Derrick McKenzie discusses why he started the Ohio Hip Hop Awards; how the haters give him motivation; and why he feels the event is important for the state of Ohio.
“We started in 2006 as an opportunity to try to recognize Ohio artists. We didn’t think it was going to be anything special- let’s just do an award show. Twelve hundred people showed up and you know, it was a big deal for a lot of people so we decided to keep doing it.”
Starting out distributing newsletters through e-blasts about Cleveland’s hip hop scene, feedback came to McKenzie as to why there wasn’t anything to celebrate local artists. As a battle rapper himself, he along with other artists and producers pooled their resources to coordinate the first Ohio Hip Hop Awards. To his amazement within a short time, artists such as Ray Cash, Hi-Tek, Copywright, and MGK took notice and this acknowledgement pushed McKenzie to continue doing the event. “At first, it was just to get attention to artists who weren’t getting attention anywhere else. But as we grew, it took a more serious turn to where now we’re trying to make sure the economic wealth of the state is increased,” McKenzie describes the current purpose of the show. He adds that it’s not just a week of events or just a party, but he wants people to make money. An example he offers is how a songwriter who attended an A&R Meet and Greet workshop through his event met someone who contracted the songwriter to write songs for films, creating a consistent source of income from that relationship.
When describing some of the worst times throughout the years producing the event, McKenzie says, “Losing a lot of money and actually owing money was a big problem one year. It made me sick to my stomach. Almost not even having a show one year because the sound guys showed up two hours late and I had two thousand people waiting outside the door was bad.” He also mentions that many people think the show is biased and have accused him for taking money for nominations. “Many times people think we’re best friends with the artists… and that because (certain artists) have been on the ballot three or fours years, we’re tight. What’s someone going to pay for a wooden plaque? I’m not selling my soul for that.” He also describes how jealousy, envy and hatred from some have been hard on him throughout the years. “The whole shit talking people do is just crazy,” he explains. As the event began in support of artists, he tells how some hate the process of the nominations as they have even criticized the event. Yet and still, McKenzie doesn’t take offense to any of the negative views as he’ll let you know, “even Ghandi got shot so it is what it is.”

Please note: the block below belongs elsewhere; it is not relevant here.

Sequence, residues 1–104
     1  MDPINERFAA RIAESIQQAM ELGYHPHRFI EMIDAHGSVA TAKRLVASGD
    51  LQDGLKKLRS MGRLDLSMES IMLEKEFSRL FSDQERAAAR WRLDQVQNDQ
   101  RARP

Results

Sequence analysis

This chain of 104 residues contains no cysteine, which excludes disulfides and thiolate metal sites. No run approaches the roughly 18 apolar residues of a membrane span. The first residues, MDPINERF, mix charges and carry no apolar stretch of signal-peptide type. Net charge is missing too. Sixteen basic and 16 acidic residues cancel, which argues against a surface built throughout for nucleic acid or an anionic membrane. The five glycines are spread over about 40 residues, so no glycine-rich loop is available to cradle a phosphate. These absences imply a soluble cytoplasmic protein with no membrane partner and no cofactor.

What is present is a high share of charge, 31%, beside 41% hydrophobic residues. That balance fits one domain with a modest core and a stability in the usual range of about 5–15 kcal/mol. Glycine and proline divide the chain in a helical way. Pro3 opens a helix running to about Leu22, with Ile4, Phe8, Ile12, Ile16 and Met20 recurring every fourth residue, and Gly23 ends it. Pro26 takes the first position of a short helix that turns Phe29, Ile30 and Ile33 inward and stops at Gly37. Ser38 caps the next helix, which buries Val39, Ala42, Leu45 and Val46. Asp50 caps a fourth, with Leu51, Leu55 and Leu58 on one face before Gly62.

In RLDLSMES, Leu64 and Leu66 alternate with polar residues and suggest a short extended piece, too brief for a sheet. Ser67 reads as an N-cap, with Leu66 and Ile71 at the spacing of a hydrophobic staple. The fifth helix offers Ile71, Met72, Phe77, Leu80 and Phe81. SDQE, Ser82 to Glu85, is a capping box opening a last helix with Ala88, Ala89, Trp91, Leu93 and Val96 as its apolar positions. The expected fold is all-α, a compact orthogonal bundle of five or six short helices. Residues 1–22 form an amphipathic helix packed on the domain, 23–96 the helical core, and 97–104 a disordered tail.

Now it’s about artists learning how to make money and bringing money to Ohio. Wanting the event to be an economic stimulus, he says others have now began to do events on their own based off of the Ohio Hip Hop Awards concept. He explains that it’s not just rappers that know about it, stating, “other people know about it and one of the things the awards show does is gets local people interested in their local artists.” What began as a one-day event has now grown into something impactful as other elements have been added such as his state-wide summer tour and The Made In Ohio Showcase. Eventually, McKenzie is working toward doing a festival as well as a national conference. He says, “We want more people to be famous in part because of this so that the scene is stronger.”
McKenzie mentions his best means in finding artists is through word of mouth and research. He says people have to believe in you and word of mouth is the most authentic thing to back that. This along with the artists’ marketing are elements that he takes note of when considering nominations. He finishes saying the most important thing is seeing the artist out and presenting themselves. “Things like this are documentation and proof to what you do,” he says. The Ohio Hip Hop Awards serves as a platform for artists to not only showcase their skills, but to build their brand and business. Throughout his journey of supporting Ohio artists, McKenzie is very well aware of the challenges he faces year after year. He doesn’t plan on slowing down anytime soon as he’ll admit in regards to his shows, “They’re all really good. I just enjoy the ride!”
Be sure to check out the 2017 Ohio Hip Hop Awards week from September 14 through September 17, 2017. For more information see ohiohiphopawards.com.
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